Training29 December 2022by Philip

3 Storytelling Techniques: Monomyth, In Media Res, and Twist/False Start

3 Storytelling Techniques_ Monomyth, In Media Res, and Twist-False Start

Storytelling is a powerful tool that can help you engage your audience and convey your message in a more compelling way. Whether you are writing a blog post, creating a video, or giving a presentation, using the right storytelling techniques can make all the difference. In this article, we will explore three storytelling techniques that can help you captivate your audience and keep them engaged: monomyth, in media res, and twist/false start.


The monomyth, also known as the hero’s journey, is a storytelling structure that has been used for centuries to tell compelling stories. The hero’s journey consists of five key elements: hero, problem, challenge, change/transformation, and resolution.

  1. Hero: The hero is the main character of the story, who sets out on a journey to overcome a problem or challenge.
  2. Problem: The problem is the obstacle or challenge that the hero must overcome. It could be an external problem, such as a dragon that needs to be defeated, or an internal problem, such as a lack of confidence or self-doubt.
  3. Challenge: The challenge is the action that the hero takes to overcome the problem. It could be a physical challenge, such as a battle, or a mental challenge, such as solving a puzzle or riddle.
  4. Change/Transformation: The hero’s journey is not just about overcoming a problem, but also about undergoing a transformation. The hero learns and grows as a result of the journey, becoming a better and more confident person in the process.
  5. Resolution: The resolution is the final outcome of the hero’s journey. It could be a victory, such as defeating the dragon, or a personal accomplishment, such as overcoming self-doubt.

In Media Res

In media res is a storytelling technique that literally means “in the middle of things.” It involves starting a story in the middle of the action, and then going back to the beginning to provide context and background information.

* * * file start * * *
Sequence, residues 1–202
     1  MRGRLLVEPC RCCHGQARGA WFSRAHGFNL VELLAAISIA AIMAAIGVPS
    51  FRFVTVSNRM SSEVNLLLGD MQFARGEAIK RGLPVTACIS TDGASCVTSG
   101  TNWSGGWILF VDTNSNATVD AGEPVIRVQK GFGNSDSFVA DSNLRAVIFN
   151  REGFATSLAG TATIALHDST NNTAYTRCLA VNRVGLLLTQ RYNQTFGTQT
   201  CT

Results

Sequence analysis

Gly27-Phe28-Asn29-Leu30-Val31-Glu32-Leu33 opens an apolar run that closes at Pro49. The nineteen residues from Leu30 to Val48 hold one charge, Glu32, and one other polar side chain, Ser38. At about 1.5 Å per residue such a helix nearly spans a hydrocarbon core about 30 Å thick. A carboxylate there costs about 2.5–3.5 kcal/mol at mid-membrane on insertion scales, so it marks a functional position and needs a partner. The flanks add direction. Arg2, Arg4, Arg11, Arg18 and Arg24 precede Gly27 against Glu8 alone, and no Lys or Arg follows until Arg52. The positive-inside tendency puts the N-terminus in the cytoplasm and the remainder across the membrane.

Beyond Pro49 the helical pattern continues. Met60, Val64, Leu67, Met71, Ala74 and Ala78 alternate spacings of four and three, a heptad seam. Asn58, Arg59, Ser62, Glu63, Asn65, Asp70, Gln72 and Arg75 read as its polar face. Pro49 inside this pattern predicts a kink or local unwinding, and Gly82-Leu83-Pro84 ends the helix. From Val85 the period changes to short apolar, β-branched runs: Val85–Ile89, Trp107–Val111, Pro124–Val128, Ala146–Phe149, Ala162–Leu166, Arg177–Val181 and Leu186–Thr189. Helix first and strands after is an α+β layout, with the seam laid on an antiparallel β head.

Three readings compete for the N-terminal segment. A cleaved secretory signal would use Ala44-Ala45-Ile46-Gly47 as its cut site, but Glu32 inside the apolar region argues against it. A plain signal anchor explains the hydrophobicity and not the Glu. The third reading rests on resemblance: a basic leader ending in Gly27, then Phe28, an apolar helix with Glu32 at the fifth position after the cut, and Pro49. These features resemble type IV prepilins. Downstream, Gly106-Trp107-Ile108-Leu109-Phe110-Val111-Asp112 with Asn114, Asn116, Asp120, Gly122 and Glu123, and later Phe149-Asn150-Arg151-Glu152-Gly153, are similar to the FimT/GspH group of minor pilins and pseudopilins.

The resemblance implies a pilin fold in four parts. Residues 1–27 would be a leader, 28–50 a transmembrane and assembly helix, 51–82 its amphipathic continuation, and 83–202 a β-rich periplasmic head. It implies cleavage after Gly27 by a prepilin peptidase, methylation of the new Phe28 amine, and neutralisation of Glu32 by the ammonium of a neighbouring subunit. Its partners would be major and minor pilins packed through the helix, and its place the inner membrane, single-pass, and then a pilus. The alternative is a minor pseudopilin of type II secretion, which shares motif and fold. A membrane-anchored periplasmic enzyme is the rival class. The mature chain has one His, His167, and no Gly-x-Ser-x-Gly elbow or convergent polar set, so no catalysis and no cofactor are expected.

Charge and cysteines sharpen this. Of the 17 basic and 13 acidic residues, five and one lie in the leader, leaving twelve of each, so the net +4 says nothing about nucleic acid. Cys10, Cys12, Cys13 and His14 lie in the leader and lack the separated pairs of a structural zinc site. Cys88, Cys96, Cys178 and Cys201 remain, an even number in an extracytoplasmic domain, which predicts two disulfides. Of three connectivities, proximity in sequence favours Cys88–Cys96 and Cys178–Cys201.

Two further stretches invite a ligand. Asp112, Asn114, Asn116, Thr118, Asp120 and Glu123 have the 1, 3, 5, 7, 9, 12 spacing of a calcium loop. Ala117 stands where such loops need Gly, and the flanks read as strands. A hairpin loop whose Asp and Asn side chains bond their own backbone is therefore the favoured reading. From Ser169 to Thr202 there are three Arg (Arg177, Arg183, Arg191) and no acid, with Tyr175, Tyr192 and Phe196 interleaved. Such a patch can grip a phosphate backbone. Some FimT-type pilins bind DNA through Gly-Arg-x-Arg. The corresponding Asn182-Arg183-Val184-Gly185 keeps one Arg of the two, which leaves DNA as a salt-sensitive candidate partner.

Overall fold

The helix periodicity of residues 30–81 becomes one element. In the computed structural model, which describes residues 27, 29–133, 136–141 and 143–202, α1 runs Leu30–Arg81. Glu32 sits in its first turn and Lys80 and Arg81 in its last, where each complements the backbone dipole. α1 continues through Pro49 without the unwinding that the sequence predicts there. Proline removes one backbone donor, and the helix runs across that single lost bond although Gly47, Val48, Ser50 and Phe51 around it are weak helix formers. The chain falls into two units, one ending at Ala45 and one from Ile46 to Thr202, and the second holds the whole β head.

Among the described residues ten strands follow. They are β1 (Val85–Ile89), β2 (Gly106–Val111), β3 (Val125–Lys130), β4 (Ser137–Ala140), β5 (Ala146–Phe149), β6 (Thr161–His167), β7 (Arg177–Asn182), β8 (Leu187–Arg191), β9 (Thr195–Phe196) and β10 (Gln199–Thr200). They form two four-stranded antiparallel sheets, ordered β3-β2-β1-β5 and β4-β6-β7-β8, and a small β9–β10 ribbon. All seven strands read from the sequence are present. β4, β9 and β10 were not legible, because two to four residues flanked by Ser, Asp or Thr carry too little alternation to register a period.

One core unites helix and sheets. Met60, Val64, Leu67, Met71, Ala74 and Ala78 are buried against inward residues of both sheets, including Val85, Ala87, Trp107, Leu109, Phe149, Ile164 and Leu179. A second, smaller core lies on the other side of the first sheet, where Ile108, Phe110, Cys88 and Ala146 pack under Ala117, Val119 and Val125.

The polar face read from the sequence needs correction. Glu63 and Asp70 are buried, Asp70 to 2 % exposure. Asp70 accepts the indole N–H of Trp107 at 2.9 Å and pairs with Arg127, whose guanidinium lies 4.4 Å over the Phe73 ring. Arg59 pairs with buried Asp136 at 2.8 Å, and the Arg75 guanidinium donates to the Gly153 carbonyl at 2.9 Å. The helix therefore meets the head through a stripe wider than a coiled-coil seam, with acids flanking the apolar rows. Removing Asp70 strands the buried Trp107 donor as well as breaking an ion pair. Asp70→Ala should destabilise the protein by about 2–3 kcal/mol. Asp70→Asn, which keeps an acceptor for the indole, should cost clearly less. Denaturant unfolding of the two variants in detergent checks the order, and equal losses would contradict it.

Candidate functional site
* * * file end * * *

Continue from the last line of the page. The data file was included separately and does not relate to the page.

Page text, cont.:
By starting in the middle of the action, you can immediately engage your audience and draw them into the story. They will be curious to know what led up to the current situation and will be eager to find out what happens next.

Once you have grabbed your audience’s attention, you can then go back and provide the necessary context and background information. This helps to establish the stakes and give your audience a better understanding of the story.

Twist/False Start

A twist or false start is a storytelling technique that involves setting up your audience in one direction, and then suddenly changing direction. It could be a plot twist, such as revealing that the villain was actually the hero’s trusted ally, or a false start, such as introducing a character who seems to be the main protagonist, only to reveal that they are not the true hero of the story.

Using a twist or false start can be a great way to keep your audience engaged and on their toes. It helps to keep them guessing and ensures that they are fully invested in the story.

In conclusion, monomyth, in media res, and twist/false start are all powerful storytelling techniques that can help you engage your audience and keep them captivated. By using these techniques, you can craft a more compelling and memorable story that will leave a lasting impression on your audience.